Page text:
Heard Around the Wa­ter­cooler – April 2018

• Bookmarks: 80

by Maria Ann Roglieri – 

Tarrytown’s Make-A-Wish Foundation Honors Andrew C. Quinn

Andrew C. Quinn, wish dad and board member of Make-A-Wish Hudson Valley, will be honored at the annual Wish Ball on Friday, May 11 at the Sleepy Hollow Country Club in Briarcliff Manor. For more information, go to Thomas Conklin, president and CEO of Make-A-Wish Hudson Valley, described Quinn as “an impassioned voice and generous supporter whose personal experiences no doubt inspired others to support our cause.”

Tarrytown’s Music Hall to Host a Free Concert

The West Point Concert Band will give a free concert on Wednesday April 18 at 7 p.m. For more information, see

Congratulations SH High School Students

Senior Alaina Otto is the grand prize winner in this year’s Regeneron-Westchester Science and Engineering Fair (WESEF). She now advances to the International Science and Engineering Fair (ISEF) in Pittsburgh, PA in May. Approximately 600 students from Westchester and Putnam competed in the event held at Sleepy Hollow High School.

A documentary film by senior Charlie Hildick-Smith won the “President’s Award” at The New York State Media Arts Teachers’ Association annual student contest. His film, King of the Harbor, is about a specific tugboat captain who works in New York Harbor. Hildick-Smith wrote, shot, edited and produced the film. The criteria for winning the award is that the student’s body of work shows noteworthy content, a creative approach, attention to composition, a command of craft and is visually and technically outstanding.

In mid-February, senior Geanfranco Sanchez presented his work and spoke at a student panel at the Redesigning for Student Success conference in San Diego, California hosted by the Center for Secondary School Reform. The topic of his presentation and presentations of his teachers (Carlos Matute and Sarah McLaughlin), was the work done through Project ExCEL at Sleepy Hollow, including Mentoring, Community Meetings and the English as a New Language (ENL) Ambassadors club.

News from Warner Library

“World War I and America,” a traveling panel exhibition featuring reproductions of documents, images and interpretive texts curated by the Gilder Lehrman Institute, will be at Warner Library from May 24 to June 21. Warner was one of 50 libraries nationwide selected as a site for the exhibit.

Congratulations Irvington High School Students

Six students — Julia Caldropoli, Annie Horowitz, Samantha Kimura, Jimmy Park, Joshua Rynn and Janeeta Shaukat — earned top honors at the prestigious Scholastic Art and Writing Awards (presented by the Alliance for Young Artists and Writers). They were each recognized for their creative pieces, which stood out among entries from thousands of students nationwide. At the national competition, Horowitz, a junior, received a Silver Key award for her writing piece “All Ye Need to Know,” a story that highlights suffering caused by socially constructed feminine beauty ideals. She also received a Gold Key award for her photograph “Beijing Street Vendor” at the regional level. For her photograph “Runaway,” Shaukat, a sophomore, received a Silver Key award at the national level and a Gold Key award at the regional level.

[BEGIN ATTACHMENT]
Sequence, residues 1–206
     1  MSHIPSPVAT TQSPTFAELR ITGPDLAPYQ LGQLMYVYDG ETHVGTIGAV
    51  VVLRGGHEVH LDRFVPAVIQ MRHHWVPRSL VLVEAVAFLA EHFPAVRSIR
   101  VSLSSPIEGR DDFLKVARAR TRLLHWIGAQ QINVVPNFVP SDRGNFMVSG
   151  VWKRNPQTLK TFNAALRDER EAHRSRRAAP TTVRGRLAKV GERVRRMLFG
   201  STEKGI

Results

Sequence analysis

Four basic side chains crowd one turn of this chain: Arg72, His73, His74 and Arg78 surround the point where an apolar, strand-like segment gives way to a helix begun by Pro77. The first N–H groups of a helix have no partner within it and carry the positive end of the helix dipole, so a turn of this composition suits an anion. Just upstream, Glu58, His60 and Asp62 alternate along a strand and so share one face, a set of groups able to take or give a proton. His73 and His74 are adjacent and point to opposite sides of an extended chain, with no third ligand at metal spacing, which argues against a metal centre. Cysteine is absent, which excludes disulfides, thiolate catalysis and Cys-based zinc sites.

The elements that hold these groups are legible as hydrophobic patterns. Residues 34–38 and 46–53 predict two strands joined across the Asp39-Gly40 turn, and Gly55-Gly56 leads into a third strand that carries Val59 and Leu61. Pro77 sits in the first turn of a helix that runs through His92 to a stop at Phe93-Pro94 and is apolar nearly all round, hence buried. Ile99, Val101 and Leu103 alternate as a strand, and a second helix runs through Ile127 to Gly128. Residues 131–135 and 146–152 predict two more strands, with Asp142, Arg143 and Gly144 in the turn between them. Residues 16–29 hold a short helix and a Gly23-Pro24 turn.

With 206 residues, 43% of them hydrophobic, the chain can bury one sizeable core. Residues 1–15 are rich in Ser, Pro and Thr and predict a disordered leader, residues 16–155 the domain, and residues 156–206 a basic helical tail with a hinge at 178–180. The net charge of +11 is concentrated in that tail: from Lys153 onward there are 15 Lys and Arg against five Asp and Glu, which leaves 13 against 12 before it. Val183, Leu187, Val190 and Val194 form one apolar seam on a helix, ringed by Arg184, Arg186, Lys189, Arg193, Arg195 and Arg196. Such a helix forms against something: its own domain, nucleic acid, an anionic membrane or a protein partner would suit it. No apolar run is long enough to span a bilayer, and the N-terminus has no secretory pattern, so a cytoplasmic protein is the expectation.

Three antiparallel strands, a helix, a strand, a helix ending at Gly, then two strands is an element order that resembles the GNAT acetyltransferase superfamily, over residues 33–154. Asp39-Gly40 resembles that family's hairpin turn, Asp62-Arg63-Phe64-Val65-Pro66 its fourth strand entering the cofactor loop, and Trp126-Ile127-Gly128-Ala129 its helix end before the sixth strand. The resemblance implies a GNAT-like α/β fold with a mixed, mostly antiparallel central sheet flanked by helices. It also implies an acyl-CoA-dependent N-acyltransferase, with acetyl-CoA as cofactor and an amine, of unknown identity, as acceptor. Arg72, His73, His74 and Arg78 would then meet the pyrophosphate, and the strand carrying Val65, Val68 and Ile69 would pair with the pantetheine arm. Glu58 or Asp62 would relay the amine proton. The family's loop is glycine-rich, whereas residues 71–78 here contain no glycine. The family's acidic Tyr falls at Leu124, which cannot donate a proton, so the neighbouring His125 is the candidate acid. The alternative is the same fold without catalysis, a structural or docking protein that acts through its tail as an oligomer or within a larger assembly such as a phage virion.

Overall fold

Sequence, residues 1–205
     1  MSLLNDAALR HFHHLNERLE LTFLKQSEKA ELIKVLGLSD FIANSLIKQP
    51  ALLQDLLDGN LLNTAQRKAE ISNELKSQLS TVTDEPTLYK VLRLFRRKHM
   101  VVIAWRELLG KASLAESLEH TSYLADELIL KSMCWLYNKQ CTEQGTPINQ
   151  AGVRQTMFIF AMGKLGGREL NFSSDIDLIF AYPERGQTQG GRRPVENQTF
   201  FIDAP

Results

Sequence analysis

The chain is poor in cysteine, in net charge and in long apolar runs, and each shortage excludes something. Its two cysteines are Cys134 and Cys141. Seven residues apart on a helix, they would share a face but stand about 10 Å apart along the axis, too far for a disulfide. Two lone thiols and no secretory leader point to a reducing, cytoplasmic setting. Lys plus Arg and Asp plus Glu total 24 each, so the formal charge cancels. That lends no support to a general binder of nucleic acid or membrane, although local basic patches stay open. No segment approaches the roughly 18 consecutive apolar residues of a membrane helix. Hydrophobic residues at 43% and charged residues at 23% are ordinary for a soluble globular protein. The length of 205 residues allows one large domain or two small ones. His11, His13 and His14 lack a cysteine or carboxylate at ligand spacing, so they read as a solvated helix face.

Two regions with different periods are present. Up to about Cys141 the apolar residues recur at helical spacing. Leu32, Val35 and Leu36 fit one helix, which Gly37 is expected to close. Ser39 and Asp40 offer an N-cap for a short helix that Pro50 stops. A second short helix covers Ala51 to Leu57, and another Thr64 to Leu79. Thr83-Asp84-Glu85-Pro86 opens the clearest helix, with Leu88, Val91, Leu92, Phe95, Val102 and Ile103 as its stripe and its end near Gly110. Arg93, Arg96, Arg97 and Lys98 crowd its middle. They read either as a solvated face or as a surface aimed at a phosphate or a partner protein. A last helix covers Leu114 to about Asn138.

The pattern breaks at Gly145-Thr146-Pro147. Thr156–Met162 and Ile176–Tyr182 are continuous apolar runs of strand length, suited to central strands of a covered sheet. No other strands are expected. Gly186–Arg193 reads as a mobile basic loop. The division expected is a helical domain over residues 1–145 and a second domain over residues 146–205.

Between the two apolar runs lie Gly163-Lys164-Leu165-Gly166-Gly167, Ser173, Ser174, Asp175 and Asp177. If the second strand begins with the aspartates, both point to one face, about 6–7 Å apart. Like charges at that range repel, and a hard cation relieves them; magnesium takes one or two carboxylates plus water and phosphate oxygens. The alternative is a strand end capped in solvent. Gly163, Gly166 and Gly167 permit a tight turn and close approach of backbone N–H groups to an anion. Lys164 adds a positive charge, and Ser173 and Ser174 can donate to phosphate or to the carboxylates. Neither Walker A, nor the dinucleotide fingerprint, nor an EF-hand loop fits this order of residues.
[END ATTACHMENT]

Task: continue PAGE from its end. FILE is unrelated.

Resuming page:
At the regional competition, Caldropoli, a junior, received awards for seven different pieces in the drawing and illustration category. She earned Gold Key awards for her works “Detached” and “Intensity,” Silver Key awards for “Rishi” and “Distant” and honorable mention awards for “Captivate,” “Expression” and “Close.” Park, a senior, also received several awards at the regional level. He earned Silver Key awards for his “Divine Thought” drawing and “Mischief” painting. In addition, he earned an honorable mention award for his “I Want…” mixed media piece. Also receiving honorable mention awards at the regional level were Kimura, a junior, for her “Identify” drawing and “Into the Blue” painting, and Rynn, a junior, for his writing piece “The Mercenary.”

Irvington Named a 2017 Tree City USA

Irvington achieved Tree City USA recognition for the 34th year in a row, by meeting the program’s four requirements:  a tree board or department, a tree-care ordinance, an annual community forestry budget of at least $2 per capita and an Arbor Day observance and proclamation.

“Tree City USA communities see the impact an urban forest has in a community first hand,” said Dan Lambe, President of the Arbor Day Foundation. “Additionally, recognition brings residents together and creates a sense of community pride, whether it’s through volunteer engagement or public education.”  “One of the big things we do is to try to find causes that are practical,” said Thacker. “We want victories.”

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